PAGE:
We analyzed the dynamics of an influenza A/Albany/1/98 (H3N2) viral infection, using a set of
mathematical models highlighting the differences between in vivo and in vitro infection. For
example, we found that including virion loss due to cell entry was critical for the in vitro model but
not for the in vivo model. Experiments were performed on influenza virus-infected MDCK cells in
vitro inside a hollow-fiber (HF) system, which was used to continuously deliver the drug amantadine. The HF system captures the dynamics of an influenza infection, and is a controlled environment for producing experimental data which lend themselves well to mathematical modeling. The parameter estimates obtained from fitting our mathematical models to the HF experimental data are consistent with those obtained earlier for a primary infection in a human model. We found that influenza A/Albany/1/98 (H3N2) virions under normal experimental conditions at 37°C rapidly lose infectivity with a half-life of ~ 6.6 ± 0.2 h, and that the lifespan of productively infected MDCK cells is ~ 13 h. Finally, using our models we estimated that the maximum efficacy of amantadine in blocking viral infection is ~ 74%, and showed that this low maximum efficacy is likely due to the rapid development of drug resistance.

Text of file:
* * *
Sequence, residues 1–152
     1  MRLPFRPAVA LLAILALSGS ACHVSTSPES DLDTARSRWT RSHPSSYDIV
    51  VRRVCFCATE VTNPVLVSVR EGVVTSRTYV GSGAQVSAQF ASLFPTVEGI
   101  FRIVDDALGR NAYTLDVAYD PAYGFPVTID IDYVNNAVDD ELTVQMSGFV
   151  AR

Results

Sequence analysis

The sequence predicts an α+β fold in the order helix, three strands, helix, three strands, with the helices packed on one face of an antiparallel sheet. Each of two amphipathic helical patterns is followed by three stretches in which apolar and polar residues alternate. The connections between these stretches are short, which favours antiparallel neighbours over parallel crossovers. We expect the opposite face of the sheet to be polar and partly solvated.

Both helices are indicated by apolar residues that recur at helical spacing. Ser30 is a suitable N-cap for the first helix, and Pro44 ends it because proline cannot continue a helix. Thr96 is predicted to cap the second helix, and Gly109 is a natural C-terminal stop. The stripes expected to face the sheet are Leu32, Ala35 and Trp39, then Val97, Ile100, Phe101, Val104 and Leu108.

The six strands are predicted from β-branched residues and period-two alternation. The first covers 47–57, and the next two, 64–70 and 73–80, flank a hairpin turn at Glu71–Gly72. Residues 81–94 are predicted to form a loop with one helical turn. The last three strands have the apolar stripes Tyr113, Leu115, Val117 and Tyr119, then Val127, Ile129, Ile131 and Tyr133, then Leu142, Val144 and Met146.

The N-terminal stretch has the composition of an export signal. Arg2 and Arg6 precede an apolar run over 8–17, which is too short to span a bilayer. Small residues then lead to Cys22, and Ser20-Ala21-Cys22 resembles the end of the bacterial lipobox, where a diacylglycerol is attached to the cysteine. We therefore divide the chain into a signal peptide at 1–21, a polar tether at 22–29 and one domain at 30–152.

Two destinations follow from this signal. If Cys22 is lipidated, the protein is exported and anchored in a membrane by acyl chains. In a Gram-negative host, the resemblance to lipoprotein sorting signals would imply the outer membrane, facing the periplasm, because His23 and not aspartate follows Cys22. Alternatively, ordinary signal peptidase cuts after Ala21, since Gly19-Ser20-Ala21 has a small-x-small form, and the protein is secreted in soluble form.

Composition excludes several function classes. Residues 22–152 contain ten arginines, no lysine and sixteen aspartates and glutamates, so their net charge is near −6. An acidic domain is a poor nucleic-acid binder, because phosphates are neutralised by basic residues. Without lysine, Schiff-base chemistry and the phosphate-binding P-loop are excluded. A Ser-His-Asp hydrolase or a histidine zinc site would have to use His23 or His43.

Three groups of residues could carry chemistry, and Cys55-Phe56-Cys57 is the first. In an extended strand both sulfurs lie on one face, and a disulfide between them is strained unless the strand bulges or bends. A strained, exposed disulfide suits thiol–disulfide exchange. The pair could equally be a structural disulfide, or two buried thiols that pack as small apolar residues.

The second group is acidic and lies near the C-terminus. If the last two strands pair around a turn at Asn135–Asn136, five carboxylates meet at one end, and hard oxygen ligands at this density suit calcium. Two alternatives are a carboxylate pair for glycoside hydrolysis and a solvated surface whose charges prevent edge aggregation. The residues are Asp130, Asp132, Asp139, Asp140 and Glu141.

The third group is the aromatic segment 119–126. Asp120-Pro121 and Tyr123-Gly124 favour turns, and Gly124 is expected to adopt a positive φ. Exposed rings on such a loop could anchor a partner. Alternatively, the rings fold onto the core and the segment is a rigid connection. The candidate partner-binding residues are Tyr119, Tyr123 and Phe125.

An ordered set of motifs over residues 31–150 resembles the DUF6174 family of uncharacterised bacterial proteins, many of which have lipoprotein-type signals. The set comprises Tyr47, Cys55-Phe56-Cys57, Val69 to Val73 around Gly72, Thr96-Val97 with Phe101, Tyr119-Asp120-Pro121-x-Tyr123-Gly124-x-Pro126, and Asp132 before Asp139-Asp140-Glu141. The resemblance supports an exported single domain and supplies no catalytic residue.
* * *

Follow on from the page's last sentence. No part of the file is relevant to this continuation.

Originally published as:
Beauchemin, C. A. A., McSharry, J. J., Drusano, G. L., Nguyen, J. T., Went, G. T., Ribeiro, R. M., & Perelson, A. S. (2008). Modeling amantadine treatment of influenza A virus in vitro. Journal of Theoretical Biology, 254(2), 439-451.